Boffins in South Korea have come up with a networking router which transmits data at nearly 40 gigabytes per second.
According to Technology Review the technique, developed by the Korea Advanced Institute of Science and Technology uses cheap commodity chips, such as those made by Intel and Nvidia, in high-performance routers, in place of custom-made hardware.
Software developed by the researchers could also serve as a testbed for novel networking protocols that might eventually replace the ancient ones currently in play. The current system means that commercial software routers from companies such as Vyatta can typically only attain transfer data at speeds of up to three gigabytes per second which makes the router a bit of a bottleneck.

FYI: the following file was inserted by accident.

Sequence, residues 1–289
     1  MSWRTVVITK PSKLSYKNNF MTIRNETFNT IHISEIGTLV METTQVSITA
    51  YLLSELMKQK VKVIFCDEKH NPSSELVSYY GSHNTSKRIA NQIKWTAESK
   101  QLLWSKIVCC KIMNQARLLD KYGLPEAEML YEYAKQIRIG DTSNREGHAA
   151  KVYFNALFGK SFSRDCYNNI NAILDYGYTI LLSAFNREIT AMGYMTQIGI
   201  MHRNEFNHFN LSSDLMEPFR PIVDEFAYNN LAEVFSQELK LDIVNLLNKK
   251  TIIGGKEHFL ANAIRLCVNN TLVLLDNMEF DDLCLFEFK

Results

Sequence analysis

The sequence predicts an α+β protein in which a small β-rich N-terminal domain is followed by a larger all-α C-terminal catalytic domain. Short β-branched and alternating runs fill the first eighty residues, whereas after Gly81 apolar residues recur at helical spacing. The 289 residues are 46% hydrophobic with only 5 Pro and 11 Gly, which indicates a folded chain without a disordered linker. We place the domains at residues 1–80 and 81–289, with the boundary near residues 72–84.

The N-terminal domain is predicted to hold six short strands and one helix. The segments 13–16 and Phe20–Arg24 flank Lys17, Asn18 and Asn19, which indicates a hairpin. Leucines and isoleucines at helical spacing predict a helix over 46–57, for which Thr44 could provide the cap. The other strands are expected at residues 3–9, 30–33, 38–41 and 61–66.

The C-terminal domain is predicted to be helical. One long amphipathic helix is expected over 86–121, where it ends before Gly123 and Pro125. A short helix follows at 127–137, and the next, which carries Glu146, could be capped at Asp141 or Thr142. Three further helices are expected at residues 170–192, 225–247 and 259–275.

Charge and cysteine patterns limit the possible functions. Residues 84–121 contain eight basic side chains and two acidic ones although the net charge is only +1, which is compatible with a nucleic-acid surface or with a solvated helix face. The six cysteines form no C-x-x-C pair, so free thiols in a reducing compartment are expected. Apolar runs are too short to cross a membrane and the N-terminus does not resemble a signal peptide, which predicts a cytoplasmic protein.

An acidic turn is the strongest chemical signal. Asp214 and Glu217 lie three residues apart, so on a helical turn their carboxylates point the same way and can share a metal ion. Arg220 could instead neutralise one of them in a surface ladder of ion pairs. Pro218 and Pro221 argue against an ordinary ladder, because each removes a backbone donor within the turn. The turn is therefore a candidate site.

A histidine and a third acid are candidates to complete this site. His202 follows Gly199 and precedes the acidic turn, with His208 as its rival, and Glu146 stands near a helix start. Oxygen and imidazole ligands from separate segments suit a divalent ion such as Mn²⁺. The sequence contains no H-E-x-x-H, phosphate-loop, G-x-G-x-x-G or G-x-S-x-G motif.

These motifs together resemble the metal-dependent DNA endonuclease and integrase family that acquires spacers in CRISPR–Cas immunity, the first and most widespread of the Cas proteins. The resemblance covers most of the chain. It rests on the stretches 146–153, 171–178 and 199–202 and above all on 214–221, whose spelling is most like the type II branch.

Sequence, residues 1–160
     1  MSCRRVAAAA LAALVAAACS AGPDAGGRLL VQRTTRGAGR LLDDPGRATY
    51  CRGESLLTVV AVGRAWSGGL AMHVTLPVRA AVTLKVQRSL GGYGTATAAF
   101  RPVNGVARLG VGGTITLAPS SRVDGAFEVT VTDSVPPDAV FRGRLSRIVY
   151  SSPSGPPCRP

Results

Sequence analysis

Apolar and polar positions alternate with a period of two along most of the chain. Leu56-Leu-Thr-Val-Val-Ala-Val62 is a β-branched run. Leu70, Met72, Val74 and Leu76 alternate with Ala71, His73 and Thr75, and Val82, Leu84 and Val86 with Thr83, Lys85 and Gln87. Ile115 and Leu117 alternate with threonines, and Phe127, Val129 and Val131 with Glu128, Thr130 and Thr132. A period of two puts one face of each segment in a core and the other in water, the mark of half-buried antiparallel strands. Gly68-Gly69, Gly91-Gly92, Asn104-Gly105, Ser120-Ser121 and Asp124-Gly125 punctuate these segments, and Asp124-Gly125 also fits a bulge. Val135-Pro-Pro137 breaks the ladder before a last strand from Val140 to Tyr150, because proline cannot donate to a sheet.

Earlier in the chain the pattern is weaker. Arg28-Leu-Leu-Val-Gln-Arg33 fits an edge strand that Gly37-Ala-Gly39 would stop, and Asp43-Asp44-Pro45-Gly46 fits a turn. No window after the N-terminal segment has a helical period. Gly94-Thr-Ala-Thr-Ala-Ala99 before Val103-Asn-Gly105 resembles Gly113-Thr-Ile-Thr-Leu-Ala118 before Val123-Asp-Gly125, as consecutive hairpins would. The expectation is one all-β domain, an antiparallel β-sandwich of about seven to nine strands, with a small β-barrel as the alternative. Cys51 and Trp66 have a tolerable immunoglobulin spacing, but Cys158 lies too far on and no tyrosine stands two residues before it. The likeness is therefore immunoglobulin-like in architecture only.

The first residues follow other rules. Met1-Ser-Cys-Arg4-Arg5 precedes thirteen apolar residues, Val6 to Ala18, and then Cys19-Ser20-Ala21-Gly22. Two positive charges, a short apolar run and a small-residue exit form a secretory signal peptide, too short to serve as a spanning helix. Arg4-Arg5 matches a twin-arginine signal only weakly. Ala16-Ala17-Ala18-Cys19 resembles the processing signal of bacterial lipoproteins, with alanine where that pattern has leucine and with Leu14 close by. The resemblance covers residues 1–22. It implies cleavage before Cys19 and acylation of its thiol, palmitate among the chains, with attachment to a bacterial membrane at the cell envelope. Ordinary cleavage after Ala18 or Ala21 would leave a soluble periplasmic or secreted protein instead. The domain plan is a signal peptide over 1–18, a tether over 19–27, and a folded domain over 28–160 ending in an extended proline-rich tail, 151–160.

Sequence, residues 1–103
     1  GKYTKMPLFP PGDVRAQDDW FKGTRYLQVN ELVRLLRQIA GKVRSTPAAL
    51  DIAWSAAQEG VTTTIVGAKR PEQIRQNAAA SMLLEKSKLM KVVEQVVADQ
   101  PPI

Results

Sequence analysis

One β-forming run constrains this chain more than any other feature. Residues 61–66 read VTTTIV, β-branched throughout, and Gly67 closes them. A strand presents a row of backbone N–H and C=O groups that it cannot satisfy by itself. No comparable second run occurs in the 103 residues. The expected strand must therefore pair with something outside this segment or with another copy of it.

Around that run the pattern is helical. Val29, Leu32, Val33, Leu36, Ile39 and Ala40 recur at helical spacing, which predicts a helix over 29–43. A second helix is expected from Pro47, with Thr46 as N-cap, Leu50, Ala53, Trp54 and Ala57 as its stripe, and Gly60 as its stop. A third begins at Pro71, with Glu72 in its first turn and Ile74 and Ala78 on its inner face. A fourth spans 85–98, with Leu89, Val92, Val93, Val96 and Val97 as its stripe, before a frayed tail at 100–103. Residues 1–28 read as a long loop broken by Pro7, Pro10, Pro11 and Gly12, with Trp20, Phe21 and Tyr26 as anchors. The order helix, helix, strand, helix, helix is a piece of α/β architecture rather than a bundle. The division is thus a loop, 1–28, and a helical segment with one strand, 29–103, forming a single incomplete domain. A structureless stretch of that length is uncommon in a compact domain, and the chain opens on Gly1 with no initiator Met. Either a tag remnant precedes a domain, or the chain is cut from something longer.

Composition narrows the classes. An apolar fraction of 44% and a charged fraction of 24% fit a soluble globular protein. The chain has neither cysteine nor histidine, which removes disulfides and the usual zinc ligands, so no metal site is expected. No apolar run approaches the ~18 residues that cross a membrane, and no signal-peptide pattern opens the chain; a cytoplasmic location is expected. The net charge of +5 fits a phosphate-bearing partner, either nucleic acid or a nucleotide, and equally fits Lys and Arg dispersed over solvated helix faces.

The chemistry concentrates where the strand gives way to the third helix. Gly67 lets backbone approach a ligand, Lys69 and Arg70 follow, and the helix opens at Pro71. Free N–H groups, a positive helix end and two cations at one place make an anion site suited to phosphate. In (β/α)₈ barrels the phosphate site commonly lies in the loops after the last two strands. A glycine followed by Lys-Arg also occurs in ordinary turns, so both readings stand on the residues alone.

Sue Moon, leader of the lab in which the research was conducted and her students Sangjin Han and Keon Jang developed software called PacketShader which they wanted to get a PC router to 10 gigabytes per second. Once they worked out the principle they were able to push it to 40.
PacketShader uses a computer's graphics processing unit (GPU) to help process packets of data sent across a network.